It takes a little madness to brew some of the beers that New Braunfels Brewing creates. As one of the few breweries in the state that sticks to majority sour mash beers, it’s easy to find unique beers with unique ingredients – some with pickle juice, some with pine needles, some with locally-harvested loquats, and other ingredients you don’t see used in brewing techniques. The pucker gangster, Kelly Meyer, is just that madman to create some special beers.
For the 4th anniversary party, owners Kelly and Lindsey Meyer and head brewer Nathan Rice pulled out all the stops and had 25 different beers available for sampling. Much to my chagrin, I wasn’t able to try all 25 (not for lack of trying), but taking advantage of half-pours throughout the day, I was able to get a very large sample of these amazing beers.
For me, there were several beers that drew me to the event. My first beer was Jalapeno PKL FKR, which takes the base PKL FKR beer and is aged on fresh jalapenos. If you’re unfamiliar with PKL FKR, it’s the beer that has become the best-seller at most stores that carry New Braunfels Brewing’s beer. It is a low ABV (around 3.2%) Berliner Weisse that is refermented with pickle juice. Now, take that and add fresh jalapenos with the seeds removed to balance the taste. The biggest question I had when trying the beer: how spicy was it going to be? It turned out that as soon as you take your first smell, the nose has a strong jalapeno scent. However, the first sip allows you to taste the pickle brine and jalapenos with little to no heat on the finish. For fans of PKL FKR who weren’t able to enjoy this on tap, you missed out on something very special, so we hope this can be a wider special release in the future.
The beer that sealed the deal for me taking a trip from Galveston to New Braunfels was Self Medication Blend1. Kelly had first told me about this beer in September 2016. A little adversity had struck when one of their Sangre de Shiva Blend4 barrels sprung a leak and 10 gallons of the beer was lost. One option is to top the barrel off with more Sangre de Shiva, but that would have altered the flavor profile the William Chris Syrah barrels provides the beer. Instead of doing that, Kelly took some of their bourbon barrel-aged Thunderkiss dunkelweizen and topped off the barrel, then later transferred the beer to Four Roses bourbon barrels for another three months. The result is a 12%+ ABV monster that made me take a special trip to the brewery to purchase bottles. However, I had never enjoyed the beer on draught, so the flavor profile of the draught version has a much richer red wine flavor versus the bottles which were heavier on the bourbon taste with a little more burn on the finish. This beer is one of the best beers I’ve ever enjoyed that has been produced in the state of Texas. Period.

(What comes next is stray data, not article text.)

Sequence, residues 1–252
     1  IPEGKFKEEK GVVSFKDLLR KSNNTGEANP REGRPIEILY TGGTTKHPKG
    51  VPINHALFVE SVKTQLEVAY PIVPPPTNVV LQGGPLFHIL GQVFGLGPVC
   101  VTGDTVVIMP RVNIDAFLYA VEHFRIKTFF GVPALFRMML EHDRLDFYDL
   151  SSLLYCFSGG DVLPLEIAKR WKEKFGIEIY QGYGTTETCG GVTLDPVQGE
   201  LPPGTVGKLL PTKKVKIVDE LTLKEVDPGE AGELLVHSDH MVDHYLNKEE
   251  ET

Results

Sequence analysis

One of the surprising favorites for me was the Hopfenstopfen cask dry-hopped with Mosaic hops. Talking to Kelly, his reaction upon the first taste was, “man, that’s Mosaic as f***!” If you’re familiar with the flavor profile of the hop strain, you know that it’s one of the most popular strains of hops because of it’s unique juicy flavor with a very dry finish. Taking the base beer of Blondine, which is already a juicy sour hefeweizen and adding more of that bold flavor to it created a strange, yet beautiful beer that had some characteristics of a NEIPA with some crazy haze and a juice bomb. I compare it to drinking unsweetened orange juice. This beer tasted better upon each sip.
My personal favorite for the day was Very Seldom Naughty Blend2. The base beer of Blondine is barrel-fermented with white wine lees from Viognier & Chenin Blanc barrels provided from Fredericksburg winery, Hilmy Cellars. What resulted from this barrel-fermentation is a beautiful beer that drinks more like a white wine. The taste has a bit of a green apple bitterness from the barrel, but without any acidic aftertaste. It allows you to still get much of the sour notes of the beer, but more balanced out on the body from the white wine lees. This beer was the one I ended up taking home in a 750ml bomber.
My only regret from the day was missing out on their Berliner Weisse refermented with German raspberry syrup. The beer, called Sex Drive, was sold out in 44 minutes and was one of the most delicious beers they had. I was at least lucky enough to get a sip of it, but I have a feeling that would have been one of my top choices of beers.
What I found most interesting about the event was the number of people at the brewery who weren’t familiar with sour beers or had a preconceived notion about what a sour should taste like. Even those who aren’t big sour drinkers found something they loved, whether they were conventional beer fans or wine drinkers. Being able to suggest beers like Hopfenstopfen, for those who love unfiltered wheat beers with a bit of a hoppy flavor or suggesting Very Seldom Naughty Blend2 for those who enjoy white wine caused interesting reactions from people. “This is beer?” “How do they get this wine taste?” “This is a sour?” I love hearing these responses from folks.
People in the industry stopped by from other breweries and writing publications to sample the beers. The responses I heard were overwhelmingly positive and frankly, they should be. What I love about New Braunfels Brewing is the fact they stick to their guns when making beer. Sometimes, it’s not the type of beer that people drink or enjoy, but the execution of the styles is what is the most important aspect of their mission. Those who get what they’re trying to do, love them with a passion. Those who don’t? Well, maybe you haven’t had the style that fits your palate yet. Ultimately, they execute the sour better than anybody I’ve seen in the state. Being at an event like this solidifies that status with a huge selection that barely scratches the surface of what they have available.